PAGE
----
Update, 2:20 p.m. Saturday, Aug. 22: Cal Fire says the Tesla Fire has burned 2,700 acres -- virtually of that area in the first few hours of the blaze on Wednesday afternoon and evening -- and is now 85 percent contained. Only a skeleton crew is staffing the blaze at this point: five fire engines and a total of 23 personnel.
Update, 7:45 a.m. Thursday, Aug. 20: Cal Fire reports that winds in the hills east of Livermore died down overnight, allowing crews to expand containment of the Tesla Fire to 25 percent. The agency's acreage estimate for the blaze will be updated later Thursday morning.
Original post (10 p.m. Wednesday, Aug. 19): Cal Fire says a grass fire that started Wednesday afternoon in the steep, windy hills east of Livermore has spread to 2,500 acres and is just 5 percent contained.
Cal Fire spokeswoman Pam Temmermand said the blaze, dubbed the Tesla Fire, is burning on both sides of Corral Hollow Road about a dozen miles east of Livermore and about 10 miles southeast of Tracy. The area is about 8 miles south of Altamont Pass, and the blaze did not appear to threaten the main travel corridors between the San Joaquin Valley and the Bay Area.
The fire was reported just before 3 p.m. and apparently began just west of the summit of Tesla Road, near the point where it crosses the last spur of hills in the area and descends into Corral Hollow. The fire, driven by winds blowing a steady 25 mph and gusting to 35 mph through most of the afternoon and evening, raced east through dry grass and across a portion of the Carnegie State Vehicular Recreation Area, part of the state park system.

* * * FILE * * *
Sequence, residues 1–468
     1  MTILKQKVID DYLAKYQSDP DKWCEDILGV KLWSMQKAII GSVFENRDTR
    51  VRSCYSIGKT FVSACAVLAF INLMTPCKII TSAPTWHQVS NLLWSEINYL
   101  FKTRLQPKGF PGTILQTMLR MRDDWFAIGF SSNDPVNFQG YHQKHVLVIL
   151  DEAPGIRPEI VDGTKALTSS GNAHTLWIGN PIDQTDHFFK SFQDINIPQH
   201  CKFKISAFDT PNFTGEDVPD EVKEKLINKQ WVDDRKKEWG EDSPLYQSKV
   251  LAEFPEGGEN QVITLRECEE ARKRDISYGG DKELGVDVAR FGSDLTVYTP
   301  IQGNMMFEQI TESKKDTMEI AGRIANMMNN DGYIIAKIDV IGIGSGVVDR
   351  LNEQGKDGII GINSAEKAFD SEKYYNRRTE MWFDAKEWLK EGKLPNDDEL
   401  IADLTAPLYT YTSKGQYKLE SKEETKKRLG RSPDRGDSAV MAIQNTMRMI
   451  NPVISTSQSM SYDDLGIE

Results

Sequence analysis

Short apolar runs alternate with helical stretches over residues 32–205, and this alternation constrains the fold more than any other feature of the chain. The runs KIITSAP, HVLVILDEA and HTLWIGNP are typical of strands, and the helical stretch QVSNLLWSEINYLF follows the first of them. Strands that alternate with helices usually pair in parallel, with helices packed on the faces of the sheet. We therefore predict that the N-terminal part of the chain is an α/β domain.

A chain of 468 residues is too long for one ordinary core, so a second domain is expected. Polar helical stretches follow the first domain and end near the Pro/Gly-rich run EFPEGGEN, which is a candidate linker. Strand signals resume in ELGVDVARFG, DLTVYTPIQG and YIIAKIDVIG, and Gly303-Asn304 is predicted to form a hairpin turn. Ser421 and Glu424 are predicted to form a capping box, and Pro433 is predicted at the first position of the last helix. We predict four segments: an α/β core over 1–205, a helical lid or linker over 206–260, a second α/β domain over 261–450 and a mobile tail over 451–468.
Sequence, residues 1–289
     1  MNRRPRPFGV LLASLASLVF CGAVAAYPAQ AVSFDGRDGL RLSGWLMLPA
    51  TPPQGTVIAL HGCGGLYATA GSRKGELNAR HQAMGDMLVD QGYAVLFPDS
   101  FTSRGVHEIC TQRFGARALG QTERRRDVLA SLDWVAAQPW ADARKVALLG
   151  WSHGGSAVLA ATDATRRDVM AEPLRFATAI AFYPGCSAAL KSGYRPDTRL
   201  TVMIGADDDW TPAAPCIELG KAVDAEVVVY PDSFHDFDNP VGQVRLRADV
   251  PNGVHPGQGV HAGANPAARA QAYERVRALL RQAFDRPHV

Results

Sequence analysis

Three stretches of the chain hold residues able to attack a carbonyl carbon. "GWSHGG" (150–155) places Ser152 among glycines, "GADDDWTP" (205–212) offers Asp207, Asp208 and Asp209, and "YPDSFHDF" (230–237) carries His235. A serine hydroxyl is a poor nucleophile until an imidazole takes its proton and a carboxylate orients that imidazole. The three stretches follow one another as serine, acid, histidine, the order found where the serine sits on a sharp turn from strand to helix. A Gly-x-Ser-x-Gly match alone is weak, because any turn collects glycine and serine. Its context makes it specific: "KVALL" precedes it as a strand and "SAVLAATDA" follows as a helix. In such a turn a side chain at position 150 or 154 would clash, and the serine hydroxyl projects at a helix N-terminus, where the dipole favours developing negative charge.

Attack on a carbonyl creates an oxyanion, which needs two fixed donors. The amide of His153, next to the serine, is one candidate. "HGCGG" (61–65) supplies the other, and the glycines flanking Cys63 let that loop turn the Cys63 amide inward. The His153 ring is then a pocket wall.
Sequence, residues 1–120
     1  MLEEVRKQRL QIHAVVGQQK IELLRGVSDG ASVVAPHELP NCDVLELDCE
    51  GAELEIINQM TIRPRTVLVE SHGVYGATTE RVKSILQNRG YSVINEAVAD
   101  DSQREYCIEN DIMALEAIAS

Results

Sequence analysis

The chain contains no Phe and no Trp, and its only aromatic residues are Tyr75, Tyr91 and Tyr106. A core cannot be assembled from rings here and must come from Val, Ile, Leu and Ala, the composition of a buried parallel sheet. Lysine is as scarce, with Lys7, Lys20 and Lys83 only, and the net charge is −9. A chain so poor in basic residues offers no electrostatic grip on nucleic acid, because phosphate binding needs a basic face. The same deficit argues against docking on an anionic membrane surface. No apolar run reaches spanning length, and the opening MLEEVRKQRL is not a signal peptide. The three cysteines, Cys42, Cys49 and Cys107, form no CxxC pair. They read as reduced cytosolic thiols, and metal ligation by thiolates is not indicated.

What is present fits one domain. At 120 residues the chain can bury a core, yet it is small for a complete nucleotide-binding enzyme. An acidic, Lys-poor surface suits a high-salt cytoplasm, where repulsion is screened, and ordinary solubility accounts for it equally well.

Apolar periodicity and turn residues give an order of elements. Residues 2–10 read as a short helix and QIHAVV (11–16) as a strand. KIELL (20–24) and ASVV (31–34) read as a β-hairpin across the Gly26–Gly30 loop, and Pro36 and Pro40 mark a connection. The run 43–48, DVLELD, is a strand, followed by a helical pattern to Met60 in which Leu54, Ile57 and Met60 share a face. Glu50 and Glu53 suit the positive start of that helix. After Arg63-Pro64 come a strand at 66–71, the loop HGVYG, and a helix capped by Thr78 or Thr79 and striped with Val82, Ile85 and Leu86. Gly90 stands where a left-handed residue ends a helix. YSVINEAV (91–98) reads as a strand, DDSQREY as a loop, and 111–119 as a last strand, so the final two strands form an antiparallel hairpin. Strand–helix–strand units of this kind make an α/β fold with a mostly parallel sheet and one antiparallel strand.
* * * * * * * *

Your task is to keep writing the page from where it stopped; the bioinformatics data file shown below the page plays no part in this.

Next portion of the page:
Temmermand said the blaze prompted the evacuation of dirt bikers and four-wheelers using the park, and it burned a single unoccupied house there. She said no other structures were threatened as of 9 p.m. Wednesday night and no other evacuations are in force.
Air tankers, including a DC-10 jumbo jet, were called in Wednesday afternoon to try to slow the progress of the fire. Temmermand said tankers and helicopters would be in the air again Thursday morning to reinforce efforts by 23 Cal Fire engines and two hand crews -- maybe 120 firefighters in all -- backed by four bulldozers.
Tesla Road and the Carnegie vehicular park commemorate part of the area's industrial past. Tesla was a late 19th century coal-mining community in Corral Hollow, and Carnegie was a nearby town that grew up at the turn of the 20th century to manufacture fire brick and terracotta tile made from nearby clay deposits. The settlements were named after Nikola Tesla, the physicist, inventor and electrical pioneer, and Andrew Carnegie, the steel magnate and philanthropist.